by Charles T. Jackson
I have recently been asked “Why do you limit your available training to law enforcement employees?” This is a question that I have been asked many many times
, and with this, and subsequent posts I am hoping to both finally answer the question, and dispel the persistent assertion that the attitude is “elitist” and “exclusionary”.
The reasons, when considered, are actually pretty simple and based in common sense. When you consider any “profession” whatsoever, can you think of any that allow you to practice the act of any position, without first being an associate, or employee of that organization? I’ll use trash collection as an example. When I was five years old, I reportedly had a deep passion for assisting our local trash collection guys with the throwing of the trash into what in my young mind was the coolest vehicle ever put on the road. Every Monday I would wait for them to come up the street
, I would get ready at my neighbors house and when they finally arrived, I would grab the light stuff, throw it into the truck, and then move on to our trash, and then the neighbors on the other side. After that the trash guys would kindly send me home and say that I’d have to wait until I was older to be a trash guy. I drew pictures of the trash trucks
, and deeply admired the guys who did the work week in and week out. This of course was then, and is to this day a source of great entertainment to my family. As a teenager I landed a summer job at our local Department of Public Works that let me reach that lofty goal set at so young an age. My point in all of this is no one can simply walk in off of the street, and start doing a job that is a part of any field without first becoming an employee within an organization that contains that desired field of interest.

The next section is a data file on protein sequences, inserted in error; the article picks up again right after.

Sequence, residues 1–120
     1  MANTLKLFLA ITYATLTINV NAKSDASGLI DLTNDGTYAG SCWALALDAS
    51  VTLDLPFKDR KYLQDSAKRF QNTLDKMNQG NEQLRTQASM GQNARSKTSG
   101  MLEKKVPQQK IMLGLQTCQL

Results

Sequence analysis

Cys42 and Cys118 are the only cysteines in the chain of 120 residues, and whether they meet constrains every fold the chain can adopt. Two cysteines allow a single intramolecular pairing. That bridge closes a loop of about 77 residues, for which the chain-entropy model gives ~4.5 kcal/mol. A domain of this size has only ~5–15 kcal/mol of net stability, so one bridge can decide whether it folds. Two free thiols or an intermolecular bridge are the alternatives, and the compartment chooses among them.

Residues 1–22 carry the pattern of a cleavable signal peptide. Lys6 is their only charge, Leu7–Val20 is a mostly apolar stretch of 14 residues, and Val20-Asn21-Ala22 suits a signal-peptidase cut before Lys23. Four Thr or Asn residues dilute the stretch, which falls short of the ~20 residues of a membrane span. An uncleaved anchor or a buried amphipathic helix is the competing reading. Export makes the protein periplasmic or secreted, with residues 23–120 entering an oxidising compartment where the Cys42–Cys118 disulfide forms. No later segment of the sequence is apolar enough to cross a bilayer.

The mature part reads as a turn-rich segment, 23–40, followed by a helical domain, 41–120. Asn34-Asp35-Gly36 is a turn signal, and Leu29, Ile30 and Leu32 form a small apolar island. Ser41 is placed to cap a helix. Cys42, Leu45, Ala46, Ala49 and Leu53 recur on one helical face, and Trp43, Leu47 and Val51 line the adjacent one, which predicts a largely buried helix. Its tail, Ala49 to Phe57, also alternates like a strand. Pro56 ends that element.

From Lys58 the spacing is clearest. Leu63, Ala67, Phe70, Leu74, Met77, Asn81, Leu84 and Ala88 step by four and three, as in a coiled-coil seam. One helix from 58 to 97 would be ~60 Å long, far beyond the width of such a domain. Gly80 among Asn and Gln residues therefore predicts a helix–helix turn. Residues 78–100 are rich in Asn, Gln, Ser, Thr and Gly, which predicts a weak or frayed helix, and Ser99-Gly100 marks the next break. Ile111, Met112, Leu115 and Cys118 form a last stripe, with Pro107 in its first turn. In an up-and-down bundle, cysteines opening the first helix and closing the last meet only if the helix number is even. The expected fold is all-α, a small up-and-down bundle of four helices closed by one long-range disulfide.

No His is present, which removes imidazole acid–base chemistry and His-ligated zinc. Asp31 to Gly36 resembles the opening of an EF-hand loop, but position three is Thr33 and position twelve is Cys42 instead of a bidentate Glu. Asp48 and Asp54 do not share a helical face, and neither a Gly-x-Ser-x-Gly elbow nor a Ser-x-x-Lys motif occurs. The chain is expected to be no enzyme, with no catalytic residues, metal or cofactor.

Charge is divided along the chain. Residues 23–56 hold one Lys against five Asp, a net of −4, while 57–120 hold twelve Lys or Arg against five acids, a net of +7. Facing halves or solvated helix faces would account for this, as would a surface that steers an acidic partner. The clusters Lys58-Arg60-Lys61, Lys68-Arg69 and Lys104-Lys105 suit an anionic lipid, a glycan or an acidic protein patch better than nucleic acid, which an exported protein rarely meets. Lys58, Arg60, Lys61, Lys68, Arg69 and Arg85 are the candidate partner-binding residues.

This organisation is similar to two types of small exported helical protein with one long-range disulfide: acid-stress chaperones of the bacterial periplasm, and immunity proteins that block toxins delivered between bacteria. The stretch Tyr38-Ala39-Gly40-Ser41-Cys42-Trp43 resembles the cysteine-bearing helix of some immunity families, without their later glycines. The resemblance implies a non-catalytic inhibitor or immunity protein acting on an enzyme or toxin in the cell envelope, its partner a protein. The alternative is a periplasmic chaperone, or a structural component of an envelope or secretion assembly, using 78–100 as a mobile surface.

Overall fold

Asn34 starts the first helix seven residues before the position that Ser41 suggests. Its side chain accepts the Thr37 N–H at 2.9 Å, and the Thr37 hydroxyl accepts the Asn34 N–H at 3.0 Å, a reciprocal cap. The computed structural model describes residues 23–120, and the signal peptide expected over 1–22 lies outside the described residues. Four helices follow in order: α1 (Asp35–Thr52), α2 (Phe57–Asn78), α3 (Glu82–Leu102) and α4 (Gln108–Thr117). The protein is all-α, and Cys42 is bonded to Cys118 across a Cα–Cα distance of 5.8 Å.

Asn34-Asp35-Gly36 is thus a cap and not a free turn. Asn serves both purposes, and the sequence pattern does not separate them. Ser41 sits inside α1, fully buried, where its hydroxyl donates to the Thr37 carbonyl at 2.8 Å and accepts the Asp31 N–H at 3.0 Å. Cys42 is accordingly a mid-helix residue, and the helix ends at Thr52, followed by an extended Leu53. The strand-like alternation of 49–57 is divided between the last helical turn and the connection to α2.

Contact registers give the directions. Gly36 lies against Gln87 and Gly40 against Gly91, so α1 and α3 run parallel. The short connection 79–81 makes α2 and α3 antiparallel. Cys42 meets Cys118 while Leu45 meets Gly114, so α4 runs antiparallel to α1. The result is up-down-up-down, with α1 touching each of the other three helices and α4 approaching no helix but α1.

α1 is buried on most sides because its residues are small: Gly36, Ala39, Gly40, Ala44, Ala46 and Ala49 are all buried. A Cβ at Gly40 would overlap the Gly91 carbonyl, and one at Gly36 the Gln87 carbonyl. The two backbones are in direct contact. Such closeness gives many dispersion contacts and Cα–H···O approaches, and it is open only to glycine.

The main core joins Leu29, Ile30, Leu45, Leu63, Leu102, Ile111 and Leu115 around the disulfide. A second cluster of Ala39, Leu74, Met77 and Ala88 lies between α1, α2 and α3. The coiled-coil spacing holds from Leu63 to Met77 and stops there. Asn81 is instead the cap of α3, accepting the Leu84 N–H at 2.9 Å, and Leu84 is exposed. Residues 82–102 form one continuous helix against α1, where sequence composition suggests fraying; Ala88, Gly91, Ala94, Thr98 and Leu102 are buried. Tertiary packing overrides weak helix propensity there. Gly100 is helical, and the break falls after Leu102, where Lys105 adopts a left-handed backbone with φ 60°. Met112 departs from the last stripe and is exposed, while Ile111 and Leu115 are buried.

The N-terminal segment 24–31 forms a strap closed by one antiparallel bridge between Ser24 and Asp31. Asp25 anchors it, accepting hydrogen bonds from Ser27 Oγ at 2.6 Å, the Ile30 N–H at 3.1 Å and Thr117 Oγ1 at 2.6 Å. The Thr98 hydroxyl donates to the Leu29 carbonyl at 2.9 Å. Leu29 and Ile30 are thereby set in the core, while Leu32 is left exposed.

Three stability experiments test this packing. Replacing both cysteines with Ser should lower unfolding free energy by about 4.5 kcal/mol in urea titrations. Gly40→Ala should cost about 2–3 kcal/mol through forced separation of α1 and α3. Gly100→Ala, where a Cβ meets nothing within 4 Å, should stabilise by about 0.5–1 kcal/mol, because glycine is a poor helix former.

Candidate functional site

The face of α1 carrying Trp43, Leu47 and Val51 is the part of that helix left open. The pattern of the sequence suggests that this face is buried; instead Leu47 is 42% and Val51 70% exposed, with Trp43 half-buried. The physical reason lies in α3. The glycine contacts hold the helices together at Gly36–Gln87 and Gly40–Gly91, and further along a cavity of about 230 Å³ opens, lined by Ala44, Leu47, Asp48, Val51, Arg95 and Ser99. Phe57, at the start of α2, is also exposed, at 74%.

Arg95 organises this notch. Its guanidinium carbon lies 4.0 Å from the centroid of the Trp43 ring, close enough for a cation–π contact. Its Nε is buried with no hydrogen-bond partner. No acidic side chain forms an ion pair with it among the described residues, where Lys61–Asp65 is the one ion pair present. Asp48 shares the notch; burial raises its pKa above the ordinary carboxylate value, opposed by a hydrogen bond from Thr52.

Now of course
, the argument has always been, “what about a private contractor scenario?”. In my 19 years of service in the field of composite imaging
, I don’t know of anyone that has entered the field “cold” with no background what-so-ever and made a career of contract composite imaging, but having said that, if one were working under the outline of a long term “contract” it could easily be said that they were in fact “employed” by that agency.
My decision was initially based on a statement once made by one of my own trainers who expressed remorse at having taken tuition from hundreds and hundreds of students that she knew were never going to be able make career in Forensic Art regardless of their passion for the field unless they actually obtained a position somewhere in law enforcement.
While this whole philosophy could be debated
, and has been debated ad-nauseum, years and years of evidence demonstrates that you can’t just take a couple of classes in anything, and then just start working in the field from the outside. So for me the decision was simple
, I’ll just limit my instruction to those with the fewest hurdles to getting started in the field of composite imaging.
In my next post, I’ll discuss the practical aspects of limiting the availability of Composite Imaging training to law enforcement employees eg. insurance coverage, evidence generation/handling, and access to victims and witnesses. Thank you for your interest.
Great post Chuck. I think you are doing the honorable thing: NOT taking money from people with stars in their eyes about becoming a forensic artist. I know people who have spent thousands of dollars chasing classes, but their teacher never told them what you have: you need to be in LE to do this job.